High Street GRP Ltd Administration.
Following on from the Notice Of Intention to File For Administration which we covered in this article – LINK on 8th November 2021, High Street GRP Ltd went to the High Court in London a few days later seeking to put itself into administration. The Administration Order was not granted by the Judge at the hearing and the case was adjourned to be heard again in December.
A request by a company for an Administration Order is normally a formality. The Company Director submits a Witness Statement stating that the company is insolvent and that the best outcome for creditors is that the company is put into administration. The Witness Statement is supported by Exhibits (an evidence pack). The director’s chosen administrator submits a Witness Statement backing up the director’s claims and confirming they are willing to be appointed.
There are a number of reasons why a Judge would delay granting an Order at the first hearing. They are typically:
1. The company made a procedural error when filing the application which needs to be corrected;
2. The company has not satisfied the Judge that an administration is the best course of action and is given more time to improve its case;
3. The company has provided too much information for the Judge to be able read in the time alloted for the hearing;
4. The company has not given objectors enough time to review the company’s submission and to prepare and file a counter-argument.
We don’t know the reason why the Judge adjourned the hearing, but we do know that the Witness Statement and Exhibits submitted by the director Gary Forrest were provided very late. We also know there are parties objecting to the administration application and they would have had very little time to prepare their counter-arguments and to highlight discrepancies, inaccuracies and omissions in the company’s case.
Our article last week also flushed out the double-dealing of some of the self-appointed leaders of a bondholder group. We had heard that a small group of bondholders was seeking to use its position as leaders of the group to get refunds for themselves. Tough luck for the rest of the group. We support any investor taking whatever action they feel is necessary to recover their money as long as they are not misleading or abusing other investors in doing so. Putting yourself in a position of influence within a group of investors and then using it to your own advantage is clearly abusing the trust of the investors in that group. The leaders of this particular group have now admitted that they were fully aware High Street GRP was intending to file for administration, but did not tell the rest of the bondholder group.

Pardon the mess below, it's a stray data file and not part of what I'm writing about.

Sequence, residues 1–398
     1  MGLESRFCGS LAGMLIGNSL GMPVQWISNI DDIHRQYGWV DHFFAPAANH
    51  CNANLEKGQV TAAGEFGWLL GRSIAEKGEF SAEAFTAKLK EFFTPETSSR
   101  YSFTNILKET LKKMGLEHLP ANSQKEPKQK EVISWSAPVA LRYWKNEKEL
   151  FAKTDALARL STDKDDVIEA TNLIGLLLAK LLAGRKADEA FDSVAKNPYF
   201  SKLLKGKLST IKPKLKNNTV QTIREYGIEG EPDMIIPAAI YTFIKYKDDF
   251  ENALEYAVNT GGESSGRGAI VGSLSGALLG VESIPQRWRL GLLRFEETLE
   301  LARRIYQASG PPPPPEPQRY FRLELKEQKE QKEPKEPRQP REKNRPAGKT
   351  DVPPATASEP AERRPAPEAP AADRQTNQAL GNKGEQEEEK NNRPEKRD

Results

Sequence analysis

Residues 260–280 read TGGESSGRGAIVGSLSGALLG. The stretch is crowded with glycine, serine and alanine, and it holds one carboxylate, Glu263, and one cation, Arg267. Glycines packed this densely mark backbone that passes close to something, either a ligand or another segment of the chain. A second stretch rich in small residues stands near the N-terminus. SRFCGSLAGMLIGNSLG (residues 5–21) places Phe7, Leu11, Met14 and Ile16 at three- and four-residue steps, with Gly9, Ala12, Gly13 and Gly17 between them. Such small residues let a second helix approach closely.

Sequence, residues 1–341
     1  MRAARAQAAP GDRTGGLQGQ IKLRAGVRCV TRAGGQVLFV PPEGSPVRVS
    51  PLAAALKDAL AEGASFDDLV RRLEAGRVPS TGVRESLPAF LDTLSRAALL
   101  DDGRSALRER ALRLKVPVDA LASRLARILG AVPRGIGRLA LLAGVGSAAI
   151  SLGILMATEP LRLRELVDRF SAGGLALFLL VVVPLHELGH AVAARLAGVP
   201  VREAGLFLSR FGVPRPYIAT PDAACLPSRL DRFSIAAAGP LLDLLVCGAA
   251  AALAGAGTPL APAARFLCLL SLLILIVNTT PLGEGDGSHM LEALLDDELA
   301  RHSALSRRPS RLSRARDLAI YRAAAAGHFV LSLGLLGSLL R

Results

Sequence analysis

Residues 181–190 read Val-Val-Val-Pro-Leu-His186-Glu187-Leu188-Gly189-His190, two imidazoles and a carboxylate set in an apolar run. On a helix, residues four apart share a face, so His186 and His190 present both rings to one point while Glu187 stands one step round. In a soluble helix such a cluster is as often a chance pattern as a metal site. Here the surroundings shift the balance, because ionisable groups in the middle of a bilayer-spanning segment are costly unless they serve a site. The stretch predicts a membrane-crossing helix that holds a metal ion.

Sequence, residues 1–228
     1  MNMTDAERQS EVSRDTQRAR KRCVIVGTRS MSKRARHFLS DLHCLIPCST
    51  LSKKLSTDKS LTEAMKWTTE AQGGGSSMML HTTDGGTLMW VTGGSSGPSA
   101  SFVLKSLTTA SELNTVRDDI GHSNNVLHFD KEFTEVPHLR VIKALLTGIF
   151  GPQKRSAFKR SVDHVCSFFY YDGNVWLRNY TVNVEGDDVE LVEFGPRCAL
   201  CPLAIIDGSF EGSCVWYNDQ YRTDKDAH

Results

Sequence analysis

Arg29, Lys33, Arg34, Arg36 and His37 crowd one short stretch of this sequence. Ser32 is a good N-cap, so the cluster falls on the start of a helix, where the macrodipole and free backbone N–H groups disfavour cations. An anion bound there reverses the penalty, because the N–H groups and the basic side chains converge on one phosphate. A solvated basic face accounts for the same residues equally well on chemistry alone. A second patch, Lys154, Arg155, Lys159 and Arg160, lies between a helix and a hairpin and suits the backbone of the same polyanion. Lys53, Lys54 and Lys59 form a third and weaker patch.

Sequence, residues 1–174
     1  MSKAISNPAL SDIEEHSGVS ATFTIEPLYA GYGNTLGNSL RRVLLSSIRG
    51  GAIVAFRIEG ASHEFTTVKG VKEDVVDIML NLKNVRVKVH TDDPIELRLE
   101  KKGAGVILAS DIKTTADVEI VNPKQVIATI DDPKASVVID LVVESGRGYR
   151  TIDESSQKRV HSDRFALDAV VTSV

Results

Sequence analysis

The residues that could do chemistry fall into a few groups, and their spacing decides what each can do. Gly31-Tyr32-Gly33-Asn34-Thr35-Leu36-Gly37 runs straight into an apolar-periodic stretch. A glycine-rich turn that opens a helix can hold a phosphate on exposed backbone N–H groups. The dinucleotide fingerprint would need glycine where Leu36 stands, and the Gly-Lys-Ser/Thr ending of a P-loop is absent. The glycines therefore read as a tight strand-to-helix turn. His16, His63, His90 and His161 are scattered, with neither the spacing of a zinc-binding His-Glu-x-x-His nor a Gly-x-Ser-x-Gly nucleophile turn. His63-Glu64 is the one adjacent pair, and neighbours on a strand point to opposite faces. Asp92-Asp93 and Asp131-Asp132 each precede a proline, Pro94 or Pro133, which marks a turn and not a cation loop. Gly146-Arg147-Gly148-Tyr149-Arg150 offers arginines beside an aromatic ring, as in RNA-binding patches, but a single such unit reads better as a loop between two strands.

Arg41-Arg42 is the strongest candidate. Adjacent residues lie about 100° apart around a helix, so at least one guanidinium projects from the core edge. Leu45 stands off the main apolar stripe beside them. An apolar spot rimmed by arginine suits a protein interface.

We see this so many times in Facebook or Whatsapp groups. These groups range from the Alastair Dobbie “investor group” model which uses sales agents who pretend to be investors and they operate a recovery room scam, the Allansons Investor Group model which involves one Supreme Leader who controls everything published in the group ensuring that the perpetrator of the scam is protected from negative comments (in that case investors were misled for almost two years), and the HSG and FRE models where there are self-appointed leadership teams which have their own self-interests at heart.
It will be very interesting to see how the High Street GRP Ltd Administration application progresses. The odds are very much in favour of the company in this scenario. It is difficult for a Judge to declare that a company must continue trading when the directors have declared it to be insolvent. It is also difficult for a Judge to support a liquidation effort by objectors when there may be jobs and livelihoods at risk. An administration seeks to rescue a company as a going concern thereby protecting jobs. A liquidation is closure and the sale of the assets. Judges tend to support administration applications because if the administrator cannot save the business he would be forced to change the status of the company from administration to liquidation anyway.
This is not really a fight between administration and liquidation. This is a fight to stop Gary Forrest appointing administrators who are sympathetic to his cause and who will apply only a light touch to any investigation into his conduct. His administrators are also very unlikely to reverse the transfer of assets which has been taking place in recent months, placing those assets beyond the reach of HSG creditors. This is a fight by small investors against the power of dishonest directors to cover up their wrongdoings.
The administrators proposed by Gary Forrest are Carrie-Ann James of SKSi, and Paul Michael Davies of James Cowper Kreston. Let’s hope they haven’t been advising the company on the transfer of assets prior to their appointment and are determined to make their first task the return of assets to the company over which they’ve been appointed. Let’s also hope we don’t get the standard friendly administrator statement of “having carried out an initial investigation into the conduct of the directors and with consideration to the financial position of the company and the likely benefits to creditors of extending the investigation versus the costs involved, we have determined that it is not in the best interests of creditors to continue investigations into the directors’ conduct”. We’ve seen a version of that statement quite a few times when the administrators are appointed by the directors.
High Street GRP Ltd Administration.